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Jura: The Next Small Thing

As the smallest appellation in France with an entirely idiosyncratic way of making wine, Jura has serious indie cred. Thanks to isolation afforded by the wooded, rolling Jura Mountains, this region between Burgundy and Switzerland has developed a unique style that you won’t find replicated anywhere. The wines are quirky, food-friendly—and really, really good. Some Jura winemakers have taken steps toward making more readily recognizable table wines, but truly, its deeply rooted traditional style is what has put it on the map: oxidated, nutty whites; meaty, light-bodied reds with grip; and an array of dessert wines—all from mostly native grapes.


Lately, Jura wine has an increasing buzz about it: it’s popping up on Chicago wine lists from Sepia to Longman & Eagle. And, with the recent retirement of Jacques Puffeney, the well-loved “pope of Jura,” journalists have been shining a spotlight on this tiny nook of northeastern France, curious to know what will become of the estate now in the hands of a Burgundian, Guillaume d’Angerville.

But the Jura is hardly a flash in the pan, despite how many times people claim that it is “up and coming.” In fact, the Jurassic Era was named after this region, where geologic limestone formations of the age were first studied—the same limestone and marl that help Juran vines thrive. Winemaking in Jura dates back to at least the first century AD, when Pliny the Younger was praising Jura’s wines in Rome. The region’s wine production hit its peak at the end of the 19th century, with 20,000 hectares under vine. Thanks to phylloxera and two world wars, today’s production is more like 2,000 hectares, with only 200 producers and very few interested in exporting their wines. This rareness in the market definitely adds to its intrigue.

JuraFeature2015.jpg Vin Jaune (“yellow wine”) is undoubtedly the international star of Jura wine, with a reputation for captivatingly nutty, sherrylike aromas. Domaine de Montbourgeau in L’Etoille region has been making it, along with other stalwart wines of the region, since 1920, and produces a version that has ample weight, but is light on its feet. Now run by Nicole Deriaux, the granddaughter of the original vigneron, the wines are organic, hand harvested, and meticulously crafted. Her Vin Jaune is made from late-harvest Savagnin—the Juran cousin of Gewurztraminer. In traditional fashion, the wine is aged in large barrels under a thin veil of yeast; the process has similarities to Sherry, but the wine is not fortified. The wine develops in barrel for at least seven years, and is never topped off. The 2007 Vin Jaune is a gorgeous golden poppy color. It exudes notes of walnuts, saffron, sap, and hints of lemon. On the palate, there’s a marzipan and roasted-chestnut richness, which carries through to the long, ambling finish. It has a decided place at the table: try it with a rustic artichoke tart.

Domaine de Montbourgeau also makes a nonvintage Macvin, a traditional-style dessert wine made from Chardonnay and Poulsard (a native red grape), fortified with the local brandy called “Marc.” This is also aged in oak casks for several years to develop depth and complexity. Its nose is a bucolic array of honey, flowers, pine, and orange blossom. Pair with Comte cheese, another glorious specialty of the region. Better yet, take it on your next picnic: it’s remarkably comfortable alongside smoked ham and various charcuterie.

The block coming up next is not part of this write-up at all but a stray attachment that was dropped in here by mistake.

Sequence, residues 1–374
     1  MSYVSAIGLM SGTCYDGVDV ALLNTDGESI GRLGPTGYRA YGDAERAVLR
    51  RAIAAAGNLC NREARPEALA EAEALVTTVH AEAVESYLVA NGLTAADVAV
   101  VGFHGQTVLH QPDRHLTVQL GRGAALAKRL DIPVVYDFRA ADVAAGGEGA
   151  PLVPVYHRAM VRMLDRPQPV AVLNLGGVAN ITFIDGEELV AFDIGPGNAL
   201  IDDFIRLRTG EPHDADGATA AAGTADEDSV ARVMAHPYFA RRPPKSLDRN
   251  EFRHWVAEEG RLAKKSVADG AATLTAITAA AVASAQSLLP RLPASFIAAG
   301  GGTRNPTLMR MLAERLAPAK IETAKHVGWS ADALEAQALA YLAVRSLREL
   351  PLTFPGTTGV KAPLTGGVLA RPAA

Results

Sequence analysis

For an excellent version of Cremant du Jura, turn to Champ Divin, a biodynamic estate in Gevingy. Valerie and Fabrice Closset-Gaziaux started as organic agricultural advisers in Africa and France before beginning their own project at the foot of Jura’s “first plateau” on silty-clay and limestone soils. The grapes are hand harvested, fermented with natural yeasts, and receive minimal sulfur. Their Cremant is lively and fresh, with delicate peach and brioche notes. It’s a bang-up pair with bacon-wrapped dates. Their “Cuvee Pollux” consists of Chardonnay and Sauvignin, vinified in a tightrope style between the creamy, oxidative Juran sensibility and breezy refreshingness. It’s the best of both worlds, and absolutely perfect for the table. The notes of curry and dried fruit pair well with the sweet-savory yin yang of carrot soup.

MichelGahier.jpgFor a fantastic example of the Arbois AOC style, try Michel Gahier 2012 Chardonnay “Les Follasses” Arbois Blanc AOC. The Gahier family has been in the Jura since 1525, in the village of Montigny-les-Arsures, a district that produces some of the finest wines of the Arbois appellation. Gahier is a neighbor and friend of Jacques Puffeney, and shares Puffeney’s desire to express the very particular terroir of this corner of the Jura by harvesting and vinifying his wines parcel by parcel. Each wine ultimately is derived exclusively from a single vineyard site. “Les Follasses” is produced sous-voile, and spends considerable time aging in barrel, achieving creamy hazelnut notes. The viticulture is organic and the wines are bottled without filtration.

There’s an artisanal spirit in the rural Jura region. It’s a place where winemaking is craftsmanlike, natural, and deeply tied to tradition. There are no industrial cities, but you’ll find many small villages defined by the mountains. You’ll find intricate, secret forests, rushing streams, and sloping vineyards. And you’ll find amazing wine: eccentric and self-reflective, it couldn’t be from anywhere else.

View a list of all Cream Jura Wines.

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